The story has Henry as the victim who suffers and goes under because of intense internal trauma. The narrative reveals, “a legacy of devastation (which) menaces Love Medicine’s characters, and some succumb. Henry Junior, for example, epitomizes those Indians …as suicidal, inarticulate, almost paralyzed in their inability to direct their energies toward resolving what seems to them an insoluble conflict” (Gleason). Henry gives up the fight by plunging in the Red River which reminds the reader of the flow of blood and the color of the car. Not only is Henry a victim but his brother as well for although he has survived his brother’s suicide, he is still hurting, “Lyman walks not out of poverty but out of despondency” (Nagel 41). The only difference between Henry and Leyman is that Leyman is able to articulate what he feels and achieves a literary catharsis. Henry is victimized by the war and its horrific scenes forever etched in his memory. He becomes invalid to society and his family, serving as “a prototype of the displaced soldier returning home…the experience of the combat destroys the sense of reality, making it difficult if not impossible to reintegrate himself back into society” (Wong 72). The ties of brotherhood are very affected so that every the relationship which is developed through the car has become shattered. Despite Lyman’s urgings Henry could never socialize or hang around with the family as he used to.
Erdrich portrays Lyman’s character as a Native American who is ambitious, lucky, spontaneous, easy-going, selfless, and who greatly loves his brother. The point of focus in Lyman’s character is his surrender of the car to Henry who he labels the sole owner ever since he died, “We owned it together until his boots filled with water on a windy night and he bought out my share. Now Henry owns the whole car” (Erdrich). The move from joint ownership to non-ownership is represented by the passage of the book. Lyman’s generosity causes the value of the material possession to depreciate while holding in high esteem the worth of his brother Henry and their relationship. What he does when the truth hits home that his brother has died is vital in the Native American tradition where “Lyman’s driving the car into the river represents the custom of burying a dead person’s private possessions along with him” (Wong 74). Ultimately this act is a rebuttal when the siblings were fighting over who should possess the car. Lyman refuses the car because the prime source of his happiness came from seeing his brother happy, and since his brother has perished, the meaning of the car has sunk into meaninglessness. The next important feature is that Lyman places his brother Henry as the elder of the two at the beginning of the story, although in reality, Lyman is the elder. This age reversal only shows the deference and respect for his brother that Lyman thinks he deserves. Lyman abuses the car terribly in a desperate attempt to recover his brother whom he had lost during the war. As if knowing that death was near, Lyman shakes his brother shouting, “Wake up, Wake up, Wake up…(Henry’s) face was totally white and hard (Erdrich). Lyman’s primary role in the story after the war is to initiate the process of resuscitation and recovery since his brother has lost his true self to the Vietnam War. It can be argued that Henry was already dead since what returned after the war was only a shell of the once energetic and light-hearted young man. Lyman tries to salvage what remains of their relationship by going out on a trip with Henry and by giving him the car, in hopes that it would contribute to some meaningful purpose in life.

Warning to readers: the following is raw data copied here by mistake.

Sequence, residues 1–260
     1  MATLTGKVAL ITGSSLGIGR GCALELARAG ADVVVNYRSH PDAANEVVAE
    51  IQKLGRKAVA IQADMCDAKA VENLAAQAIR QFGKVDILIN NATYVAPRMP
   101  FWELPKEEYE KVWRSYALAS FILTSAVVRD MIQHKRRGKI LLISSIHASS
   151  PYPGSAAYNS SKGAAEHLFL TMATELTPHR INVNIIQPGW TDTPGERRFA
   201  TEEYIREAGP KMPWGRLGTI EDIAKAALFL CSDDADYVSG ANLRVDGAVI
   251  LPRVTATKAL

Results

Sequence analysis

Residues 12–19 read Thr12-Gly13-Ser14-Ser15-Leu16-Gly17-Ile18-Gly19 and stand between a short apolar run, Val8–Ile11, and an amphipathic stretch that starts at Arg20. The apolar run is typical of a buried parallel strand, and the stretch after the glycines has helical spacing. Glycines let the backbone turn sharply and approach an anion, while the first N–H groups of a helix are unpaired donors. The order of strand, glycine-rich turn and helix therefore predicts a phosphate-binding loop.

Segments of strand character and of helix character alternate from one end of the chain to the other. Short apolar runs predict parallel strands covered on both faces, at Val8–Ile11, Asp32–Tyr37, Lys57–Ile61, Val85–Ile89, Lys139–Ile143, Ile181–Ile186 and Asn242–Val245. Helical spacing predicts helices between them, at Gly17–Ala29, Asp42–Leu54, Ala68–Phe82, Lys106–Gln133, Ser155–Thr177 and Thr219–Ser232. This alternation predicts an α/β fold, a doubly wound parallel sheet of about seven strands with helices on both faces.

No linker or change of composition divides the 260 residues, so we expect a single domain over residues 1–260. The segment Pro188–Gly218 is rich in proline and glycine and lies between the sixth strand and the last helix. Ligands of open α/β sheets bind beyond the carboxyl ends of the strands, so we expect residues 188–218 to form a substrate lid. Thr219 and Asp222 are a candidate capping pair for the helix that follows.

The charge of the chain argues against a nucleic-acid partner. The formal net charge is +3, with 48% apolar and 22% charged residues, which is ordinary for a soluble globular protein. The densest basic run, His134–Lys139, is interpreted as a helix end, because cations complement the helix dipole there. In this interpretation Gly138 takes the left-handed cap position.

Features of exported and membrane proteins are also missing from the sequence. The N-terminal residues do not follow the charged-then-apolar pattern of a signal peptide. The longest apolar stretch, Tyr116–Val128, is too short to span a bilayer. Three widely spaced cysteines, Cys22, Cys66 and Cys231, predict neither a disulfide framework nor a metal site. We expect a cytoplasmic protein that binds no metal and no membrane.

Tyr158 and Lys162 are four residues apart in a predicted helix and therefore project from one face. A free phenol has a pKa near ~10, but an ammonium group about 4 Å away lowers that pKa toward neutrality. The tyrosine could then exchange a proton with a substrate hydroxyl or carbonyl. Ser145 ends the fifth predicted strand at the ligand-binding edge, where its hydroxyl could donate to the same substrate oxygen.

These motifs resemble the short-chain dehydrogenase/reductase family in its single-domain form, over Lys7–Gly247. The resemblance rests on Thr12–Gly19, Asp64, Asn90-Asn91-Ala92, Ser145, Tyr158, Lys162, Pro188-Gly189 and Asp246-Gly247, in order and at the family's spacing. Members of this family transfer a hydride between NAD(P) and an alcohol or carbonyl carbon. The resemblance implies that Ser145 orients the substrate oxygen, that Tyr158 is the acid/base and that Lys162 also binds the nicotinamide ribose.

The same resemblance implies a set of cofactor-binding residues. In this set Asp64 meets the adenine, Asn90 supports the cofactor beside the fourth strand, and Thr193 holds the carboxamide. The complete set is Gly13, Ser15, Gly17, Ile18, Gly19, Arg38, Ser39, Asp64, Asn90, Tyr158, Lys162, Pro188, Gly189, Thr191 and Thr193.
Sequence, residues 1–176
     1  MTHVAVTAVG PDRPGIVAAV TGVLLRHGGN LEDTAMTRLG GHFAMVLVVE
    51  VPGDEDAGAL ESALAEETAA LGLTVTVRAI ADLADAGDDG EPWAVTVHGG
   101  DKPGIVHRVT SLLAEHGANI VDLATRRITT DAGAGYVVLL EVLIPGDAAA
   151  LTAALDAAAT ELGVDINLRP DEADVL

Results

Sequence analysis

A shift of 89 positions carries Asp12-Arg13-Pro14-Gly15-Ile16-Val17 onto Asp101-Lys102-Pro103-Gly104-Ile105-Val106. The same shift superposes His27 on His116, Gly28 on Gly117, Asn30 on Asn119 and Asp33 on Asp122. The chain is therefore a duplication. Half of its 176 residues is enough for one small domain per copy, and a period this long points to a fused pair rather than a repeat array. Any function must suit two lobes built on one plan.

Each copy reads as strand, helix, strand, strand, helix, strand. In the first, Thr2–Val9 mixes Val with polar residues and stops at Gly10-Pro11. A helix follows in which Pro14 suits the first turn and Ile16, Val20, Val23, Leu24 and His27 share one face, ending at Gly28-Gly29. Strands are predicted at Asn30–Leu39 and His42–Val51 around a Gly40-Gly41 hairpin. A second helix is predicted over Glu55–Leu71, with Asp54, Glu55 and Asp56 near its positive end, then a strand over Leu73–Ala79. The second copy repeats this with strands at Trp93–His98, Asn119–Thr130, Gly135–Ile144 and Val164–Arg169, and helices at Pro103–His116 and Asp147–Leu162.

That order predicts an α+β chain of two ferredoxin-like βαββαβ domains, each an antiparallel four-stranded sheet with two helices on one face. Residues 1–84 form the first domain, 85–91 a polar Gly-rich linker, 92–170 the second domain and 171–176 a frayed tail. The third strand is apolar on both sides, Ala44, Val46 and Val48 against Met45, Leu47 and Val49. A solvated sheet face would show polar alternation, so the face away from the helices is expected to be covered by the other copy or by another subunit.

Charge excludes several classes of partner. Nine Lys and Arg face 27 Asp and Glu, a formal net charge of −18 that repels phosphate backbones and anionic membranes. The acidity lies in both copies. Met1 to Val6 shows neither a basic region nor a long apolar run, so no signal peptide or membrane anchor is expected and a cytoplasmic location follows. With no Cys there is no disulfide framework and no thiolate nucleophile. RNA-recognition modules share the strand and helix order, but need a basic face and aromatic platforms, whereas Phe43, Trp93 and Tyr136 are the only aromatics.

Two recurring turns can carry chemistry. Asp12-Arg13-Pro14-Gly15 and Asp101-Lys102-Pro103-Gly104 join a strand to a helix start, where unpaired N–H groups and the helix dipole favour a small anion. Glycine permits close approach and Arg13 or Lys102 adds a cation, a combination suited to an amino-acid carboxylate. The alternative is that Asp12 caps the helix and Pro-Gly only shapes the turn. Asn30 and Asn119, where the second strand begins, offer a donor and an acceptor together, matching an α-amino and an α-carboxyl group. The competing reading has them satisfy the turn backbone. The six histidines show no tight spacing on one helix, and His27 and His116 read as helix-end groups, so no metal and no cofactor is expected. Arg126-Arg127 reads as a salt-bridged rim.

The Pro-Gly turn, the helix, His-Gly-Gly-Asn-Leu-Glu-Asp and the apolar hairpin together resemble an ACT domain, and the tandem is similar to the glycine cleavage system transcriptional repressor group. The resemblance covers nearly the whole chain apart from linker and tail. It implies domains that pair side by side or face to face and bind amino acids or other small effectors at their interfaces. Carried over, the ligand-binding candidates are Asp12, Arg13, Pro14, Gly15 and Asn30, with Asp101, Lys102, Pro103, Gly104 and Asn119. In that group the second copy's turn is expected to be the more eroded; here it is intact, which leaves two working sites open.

Lyman’s ambition is also a quality which he speaks about with pride. He prefaces the story with the fact that he was the first to ever own a convertible on the Native American reservation. Native Americans are typically poor and insolvent. Lyman reveals this fact since when he was young he was good at earning money. The car is a memorial of his achievement at the restaurant which ended unfortunately by a natural disaster for he spends most of his money on purchasing the car. He makes the boast that “I was the first one to drive a convertible on my reservation” (Erdrich). His business acumen was noticed by those around him. He gives the reader a list of his former jobs shoe-shiner, flower vendor, dishwasher, busboy, cook, assistant manager, manager, co-owner, and owner, a self-made success. The upward social movement and success set Lyman apart from his brother and his native society. The car becomes identified with his success in American society since “the car is very clearly an artifact of the industrial world,…and it signifies that the children of Lulu are moving rapidly in the international world….the car is an expression of modernity in the white world and an emblem of pride for the boys” (Nagel 42). The poverty of the Native Americans is clearly outlined in their earlier years. The odd jobs serve to earn income to provide for the needs of the family.
The irony of the story that the very convertible through which Lyman hopes to bond with his brother is the very instrument that precipitates separation and demise. With hopes that the car would help heal Henry and his shattered self, the car becomes one of the main reasons why the brothers disagree. Before Henry leaves for war (as if not expecting to return), Henry gives up his rights to the car and gives Lyman his keys. However, Lyman objects and proposes that he would keep the car safe until his brother returns from the Vietnam War. The ironic and climactic fight near the river is over the issue of ownership of the car which Henry’s death ironically solves. Lyman chooses to renounce all right to having another car so that the red convertible becomes the first and last car that he ever owns. Walking from place to place is his preferred way to travel because it would mean replacing his brother somehow.
In conclusion, the story “The Red Convertible” is one which conveys a message of grief, and despair because of unwelcome change. Leyman chooses to continue the memory of his brother Henry, making him come alive in the story. What was once a representative of social triumph becomes an unforgettable and tragic model of an ill-fated brother, unable to come to terms with the cruelty of war and cannot reconcile the civilized, pacific world with the war torn world of the soldiers and veterans.